Patent Docs: BIO International Convention Wrap-up
Kevin Noonan gives us a quick recap of what went on at the meeting and what you might want to know about
The Biotechnology Innovation Organization (BIO) held its latest (the 25th Annual) International Convention in Boston on June 4-7, with more than 18,000 attendees and over 1,800 exhibitors in the Exhibit Hall. The phrase of the week was “make history,” according to BIO, and part of that history was a greatly expanded footprint for partnering meetings held concurrently with the exhibits in the Exhibit Hall. Attendees came from 67 countries and 49 of the 50 states, and there were 180 sessions, 17 plus super sessions and fireside chats and 19 education tracks according to official statistics.
Along with many special programs (such as the Biotechnology Entrepreneurship Boot Camp) the convention provided dozens of educational tracks and panel discussions, directed to topics such as:
Biofuels and Renewable Chemicals
Business Development and Finance
Corporate Best Practices and Leadership
Emerging Opportunities in Global Markets
Infectious Diseases and Vaccines
Modern Agricultural Innovation
Next Generation Biotherapeutics
Opioids: Changing the Paradigm of Treating Pain and Addiction
Orphan and Rare Diseases
Personalized Medicine and Diagnostics
Value, Patient Access and Reimbursement
In addition there were several “Super Sessions” on such topics as “What’s Next: the Landscape of Innovation for 2018 and Beyond,” “The Global Vaccine Business: A View from the Top,” “Delivering the Promise of Gene Therapy,” “Dealmakers Intentions: 2018 Market Outlook,” “Heralding in a New Era of Precision Medicine,” and “Scientific American World View: Biotechnology’s Promise in a Changing Landscape.”
The Intellectual Property track contained panels on many issues of current and continuing concern, including antibody patenting, the interplay of ANDA litigation and IPRs, European opposition procedures, sovereign immunity. The track kicked off with an address by Director Andrew Iancu, who discussed his vision for the Patent and Trademark Office in how aspects of the AIA are implemented and applying judicial precedent to the patent examination process. How IPR proceedings affect ANDA litigation was discussed in a panel entitled “Hatch Waxman ANDA Cases and IPRs” by panelists James Harrington (Shire Pharmaceuticals) and (former) Judge Faith Hochberg (Hochberg ADR), moderated by James Lief (Cooley). Jennifer Moitoso (Shire Pharmaceuticals), Randall Morin (Translate Bio), and Satinder Rawat (MIT), discussed “IP Issues in Rare Diseases: Addressing the Unmet Need,” on a panel moderated by Patrick Waller (Wolf Greenfield). Ulrich Storz (Michaeski Huettermann) moderated a panel consisting of Gregory Cox (Eli Lilly & Co.) and Ben Doranz (Integral Molecular) who discussed “Live Functional Antibody Patents,” which focused on differences between European and U.S. claim scope for antibody claims. The question of “Are Your Pharmaceutical Patents at Risk” was addressed by a panel having MJ Edwards (Gilead Sciences), Justin Huddleson (sanofi) and Mary Till (USPTO) and moderated by Rob Sahr (Choate Hall & Stewart). European patent law was the topic of a panel entitled “Legal Certainty at an Affordable Price: The European Opposition Proceedings” by Klaus-Peter Dopfer (EPO), Ton Kowalski (Duane Morris) and Simon O’Brien (D. Young & Co.) moderated by Oskar Lechner, a European Patent Examiner. Finally, the recent controversy over assertion of sovereign immunity by Indian Tribes and state universities in IPR proceedings was discussed on a panel entitled “State Universities, Indian Tribes, and Biotech Patent Law,” the panel consisting of Carl Gulbrandsen (WARF), Terry Stanek Rea (Crowell & Moring), Melody McCoy (Native American Rights Fund) and Kevin E. Noonan (MBHB), moderated by Randy Kubetin of Bloomberg Law.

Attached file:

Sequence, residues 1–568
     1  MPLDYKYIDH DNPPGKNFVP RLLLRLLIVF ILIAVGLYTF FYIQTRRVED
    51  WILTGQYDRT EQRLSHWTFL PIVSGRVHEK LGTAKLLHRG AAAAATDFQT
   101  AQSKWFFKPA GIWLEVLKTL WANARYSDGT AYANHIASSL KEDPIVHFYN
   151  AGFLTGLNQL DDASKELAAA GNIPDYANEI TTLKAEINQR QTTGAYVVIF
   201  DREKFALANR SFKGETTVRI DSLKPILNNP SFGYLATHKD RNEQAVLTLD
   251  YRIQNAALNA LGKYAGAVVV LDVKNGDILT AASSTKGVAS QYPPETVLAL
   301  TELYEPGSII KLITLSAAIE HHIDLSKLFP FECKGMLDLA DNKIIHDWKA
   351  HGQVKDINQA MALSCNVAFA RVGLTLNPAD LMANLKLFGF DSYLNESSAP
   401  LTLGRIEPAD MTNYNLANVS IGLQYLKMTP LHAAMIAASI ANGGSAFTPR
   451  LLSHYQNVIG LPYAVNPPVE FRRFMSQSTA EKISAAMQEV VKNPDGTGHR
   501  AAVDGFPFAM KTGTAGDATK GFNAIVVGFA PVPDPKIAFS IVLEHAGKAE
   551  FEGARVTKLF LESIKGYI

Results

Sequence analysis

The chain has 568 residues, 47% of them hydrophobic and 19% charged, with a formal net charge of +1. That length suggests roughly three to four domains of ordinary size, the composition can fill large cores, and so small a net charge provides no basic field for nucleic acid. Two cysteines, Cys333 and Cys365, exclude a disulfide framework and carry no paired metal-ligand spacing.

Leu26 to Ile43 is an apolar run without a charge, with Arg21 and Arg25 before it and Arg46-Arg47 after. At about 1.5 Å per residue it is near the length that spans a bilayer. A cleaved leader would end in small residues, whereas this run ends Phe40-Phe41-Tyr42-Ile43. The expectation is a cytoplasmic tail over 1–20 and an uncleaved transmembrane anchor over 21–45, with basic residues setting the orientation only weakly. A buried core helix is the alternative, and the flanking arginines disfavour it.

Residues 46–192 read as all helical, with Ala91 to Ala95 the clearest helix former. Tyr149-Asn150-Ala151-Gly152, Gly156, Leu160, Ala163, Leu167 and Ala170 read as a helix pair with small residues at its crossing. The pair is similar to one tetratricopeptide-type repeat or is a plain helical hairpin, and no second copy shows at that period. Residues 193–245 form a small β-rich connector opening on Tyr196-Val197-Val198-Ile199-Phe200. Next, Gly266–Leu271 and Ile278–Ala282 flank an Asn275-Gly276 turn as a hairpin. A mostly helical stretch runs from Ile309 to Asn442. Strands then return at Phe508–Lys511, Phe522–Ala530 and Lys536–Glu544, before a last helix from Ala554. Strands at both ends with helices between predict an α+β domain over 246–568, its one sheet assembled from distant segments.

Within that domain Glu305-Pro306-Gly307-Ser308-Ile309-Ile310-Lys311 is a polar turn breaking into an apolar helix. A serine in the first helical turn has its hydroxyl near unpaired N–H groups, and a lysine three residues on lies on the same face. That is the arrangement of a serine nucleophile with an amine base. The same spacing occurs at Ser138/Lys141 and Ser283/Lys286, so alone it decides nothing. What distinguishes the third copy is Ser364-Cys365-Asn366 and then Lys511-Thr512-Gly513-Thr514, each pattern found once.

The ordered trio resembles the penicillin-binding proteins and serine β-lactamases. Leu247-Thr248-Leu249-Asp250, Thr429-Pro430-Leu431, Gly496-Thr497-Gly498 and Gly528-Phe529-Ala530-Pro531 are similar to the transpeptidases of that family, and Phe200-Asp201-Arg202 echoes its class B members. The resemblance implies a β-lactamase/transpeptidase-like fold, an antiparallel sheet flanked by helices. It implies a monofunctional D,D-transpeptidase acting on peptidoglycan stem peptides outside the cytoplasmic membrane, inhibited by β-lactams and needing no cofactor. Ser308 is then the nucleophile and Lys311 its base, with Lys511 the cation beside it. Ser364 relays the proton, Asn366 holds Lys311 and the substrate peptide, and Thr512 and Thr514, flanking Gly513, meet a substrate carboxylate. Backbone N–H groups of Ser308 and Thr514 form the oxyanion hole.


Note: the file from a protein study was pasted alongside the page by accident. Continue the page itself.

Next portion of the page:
Keynote addresses were both more personal and policy-driven this year: the first keynote of the meeting was given by Robin Roberts, host of Good Morning America and a cancer survivor. Another keynote was by actor and activist Rob Reiner, who spoke about addiction. There were also a number of “fireside chats,” more informal presentations by industry leaders (including Jay Bradner/Novartis, Albert Bourla/Pfizer, Paul Stoffels/Johnson & Johnson); government officials (Scott Gottleib/FDA Commissioner) and philanthropists (Sue Desmond-Hellman and Penny Heaton/Bill and Melinda Gates Foundation).
BIO has also intensified the business portion of the Convention, particularly its “one-on-one” partnering event; this year there were almost 50,000 meetings, which BIO said was a 13% increase over 2017.
The next BIO International Convention will be held in Philadelphia from June 3-6, 2019.
Kevin Noonan is a partner with the law firm McDonnell Boehnen Hulbert & Berghoff LLP and represents biotechnology and pharmaceutical companies on a myriad of issues. A former molecular biologist, he is also the founding author of the Patent Docs weblog, http://patentdocs.typepad.com/.